When you look at public polling, the public is on board with this kind of traditional infrastructure spending. They see this as investment in roads and bridges and all those things that politicians on both sides of the aisle have talked about for quite some time. And so what these Republicans are arguing to some of their more reluctant colleagues is this is exactly the kind of legislation that we can go back home and feel good campaigning on. How many Republicans ultimately end up in that place, whether there is a shift in the party that ends up derailing this legislation, I think remains to be seen. But you do see among these Republicans who have jumped on board the bipartisan effort they really want to try to get this done. They think is a political winner even for members of the GOP.


JANSING: Speaking of winners, Eugene, we saw a win for democratic progressives with the extension of the eviction moratorium although it took a few days and lots of maneuvering. What does this signal Do you think for Biden`s relationship with that wing of the party going forward? They do seem to be emboldened by that success. They want to apply it, for example, to the second part of infrastructure.

DANIELS: No, I think that`s right. One of the key things that happened at the beginning of his presidency was Joe Biden had a good relationship with progressives, at the very least, he was kind of keeping them appeased, even though he was supposed to be, you know, the moderate president, that guy out of the primary who was more to the center than everyone else. And so you saw that Ron Klain, Chief of Staff, he had a lot of good relationships with advocates, and some of the folks out there in the streets, doing a lot of the work, doing a lot of the campaigning and bringing things together. So they`ve been able to keep them happy.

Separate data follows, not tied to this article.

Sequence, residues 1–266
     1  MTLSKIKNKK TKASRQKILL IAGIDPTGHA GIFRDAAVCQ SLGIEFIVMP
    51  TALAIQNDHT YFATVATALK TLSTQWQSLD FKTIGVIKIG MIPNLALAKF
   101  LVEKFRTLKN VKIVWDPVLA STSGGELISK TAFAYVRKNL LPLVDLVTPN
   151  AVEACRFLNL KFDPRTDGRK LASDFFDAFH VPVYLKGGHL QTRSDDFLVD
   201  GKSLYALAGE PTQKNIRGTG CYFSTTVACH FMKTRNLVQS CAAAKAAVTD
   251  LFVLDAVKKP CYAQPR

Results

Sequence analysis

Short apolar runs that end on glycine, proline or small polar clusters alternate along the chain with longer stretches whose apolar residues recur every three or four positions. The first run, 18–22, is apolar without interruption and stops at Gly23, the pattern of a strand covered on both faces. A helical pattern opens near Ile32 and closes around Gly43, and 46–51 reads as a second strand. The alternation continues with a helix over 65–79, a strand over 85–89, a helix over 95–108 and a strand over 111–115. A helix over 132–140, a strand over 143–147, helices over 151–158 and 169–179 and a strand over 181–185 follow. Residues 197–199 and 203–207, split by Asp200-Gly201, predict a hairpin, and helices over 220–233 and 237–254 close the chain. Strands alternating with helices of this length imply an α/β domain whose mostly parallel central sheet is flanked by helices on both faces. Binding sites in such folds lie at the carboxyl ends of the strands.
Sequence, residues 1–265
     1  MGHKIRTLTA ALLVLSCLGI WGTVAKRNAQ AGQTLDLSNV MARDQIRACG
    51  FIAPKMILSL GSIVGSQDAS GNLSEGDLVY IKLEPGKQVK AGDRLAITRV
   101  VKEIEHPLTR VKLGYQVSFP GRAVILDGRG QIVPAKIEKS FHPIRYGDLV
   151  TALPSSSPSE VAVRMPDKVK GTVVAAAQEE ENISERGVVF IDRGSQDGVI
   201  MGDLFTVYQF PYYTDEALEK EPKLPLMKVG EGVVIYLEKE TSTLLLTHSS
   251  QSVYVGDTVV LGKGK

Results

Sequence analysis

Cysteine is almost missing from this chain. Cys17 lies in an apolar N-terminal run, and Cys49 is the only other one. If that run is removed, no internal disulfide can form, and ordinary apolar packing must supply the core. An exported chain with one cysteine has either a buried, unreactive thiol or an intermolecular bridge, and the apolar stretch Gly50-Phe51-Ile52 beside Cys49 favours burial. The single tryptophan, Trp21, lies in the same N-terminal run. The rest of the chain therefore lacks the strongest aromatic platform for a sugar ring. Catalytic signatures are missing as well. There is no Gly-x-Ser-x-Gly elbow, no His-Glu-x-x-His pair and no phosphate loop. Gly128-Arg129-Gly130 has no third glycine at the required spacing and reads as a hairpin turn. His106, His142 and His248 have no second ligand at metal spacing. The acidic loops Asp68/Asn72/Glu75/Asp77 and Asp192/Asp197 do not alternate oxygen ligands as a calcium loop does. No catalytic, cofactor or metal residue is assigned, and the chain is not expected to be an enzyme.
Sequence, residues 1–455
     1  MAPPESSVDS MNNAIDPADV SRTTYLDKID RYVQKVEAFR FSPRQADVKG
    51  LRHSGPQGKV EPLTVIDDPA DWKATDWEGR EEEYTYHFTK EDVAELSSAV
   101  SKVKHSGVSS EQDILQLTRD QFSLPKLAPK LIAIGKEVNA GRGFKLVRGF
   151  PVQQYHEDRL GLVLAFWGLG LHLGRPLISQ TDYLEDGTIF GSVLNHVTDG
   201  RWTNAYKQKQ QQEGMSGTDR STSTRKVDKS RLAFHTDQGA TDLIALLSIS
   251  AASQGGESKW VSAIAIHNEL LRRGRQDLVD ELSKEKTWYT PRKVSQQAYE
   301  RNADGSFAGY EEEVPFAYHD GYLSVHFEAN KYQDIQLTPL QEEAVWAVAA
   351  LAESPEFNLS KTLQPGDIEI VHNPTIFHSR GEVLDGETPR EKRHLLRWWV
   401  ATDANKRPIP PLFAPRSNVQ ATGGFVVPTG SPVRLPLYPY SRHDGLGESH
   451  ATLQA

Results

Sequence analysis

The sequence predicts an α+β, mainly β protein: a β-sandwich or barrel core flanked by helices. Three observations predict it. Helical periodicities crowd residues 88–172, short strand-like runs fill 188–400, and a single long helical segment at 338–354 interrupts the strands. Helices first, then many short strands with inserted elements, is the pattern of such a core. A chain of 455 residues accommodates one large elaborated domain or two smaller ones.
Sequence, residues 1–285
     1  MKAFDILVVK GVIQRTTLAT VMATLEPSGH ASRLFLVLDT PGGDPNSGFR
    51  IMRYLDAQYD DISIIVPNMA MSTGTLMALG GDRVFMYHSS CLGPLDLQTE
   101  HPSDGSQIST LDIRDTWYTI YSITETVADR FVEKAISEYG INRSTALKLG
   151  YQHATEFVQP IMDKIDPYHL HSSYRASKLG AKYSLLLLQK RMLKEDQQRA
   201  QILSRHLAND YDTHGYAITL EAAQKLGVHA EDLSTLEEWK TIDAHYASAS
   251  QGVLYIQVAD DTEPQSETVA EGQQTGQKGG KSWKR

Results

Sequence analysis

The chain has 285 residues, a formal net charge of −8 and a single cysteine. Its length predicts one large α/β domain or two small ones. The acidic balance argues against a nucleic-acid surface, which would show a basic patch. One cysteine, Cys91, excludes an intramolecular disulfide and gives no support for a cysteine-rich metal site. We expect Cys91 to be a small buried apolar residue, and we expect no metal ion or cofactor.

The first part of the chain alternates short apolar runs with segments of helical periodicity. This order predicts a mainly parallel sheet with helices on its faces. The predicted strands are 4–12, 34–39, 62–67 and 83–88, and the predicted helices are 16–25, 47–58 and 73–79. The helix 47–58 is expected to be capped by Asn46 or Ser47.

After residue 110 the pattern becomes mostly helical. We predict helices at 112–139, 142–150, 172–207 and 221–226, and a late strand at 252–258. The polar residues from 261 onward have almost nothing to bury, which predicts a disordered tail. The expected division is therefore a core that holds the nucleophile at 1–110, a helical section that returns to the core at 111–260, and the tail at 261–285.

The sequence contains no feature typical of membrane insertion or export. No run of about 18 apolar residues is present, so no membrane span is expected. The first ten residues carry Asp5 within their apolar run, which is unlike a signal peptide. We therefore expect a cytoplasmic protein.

However, like you just said, we`re starting to get into more of the sausage making of this bill, this has been happening for a while. And after, you know, Cori Bush, and others AOC, Mondaire Jones stayed outside of the Capitol, slept on the Capitol steps for days and days, they were able to get this huge win.

Now, what that tells us is that -- and tells them, is that if they do things that bring a lot of attention, and I talked to them, I went out there Sunday, and spent some time with them. What they told me was, if we do things that bring a lot of attention, go to what we know, for people who are more progressive, they`re more likely to come up in the advocate space, they know that they get a lot of attention, sit places, make it uncomfortable for people to go against them, then they get what they want. And they`re talking about that when it comes to this reconciliation bill, right? There`s $3.5 trillion that they want to see done. And the Senate and the White House want to see this bipartisan deal go through. Progressive said we want both of them at the same time or no deal. That`s already been something that has been agreed to between the House, the Senate and the White House. We`ll see how that works out timing wise, but they know that they have a lot more power. The question is when do they really start using it, right? When did they start, like the House Freedom Caucus, start throwing tables and saying, I`m not doing this until you do what I said. We`ll see whether or not that actually happens within next few months.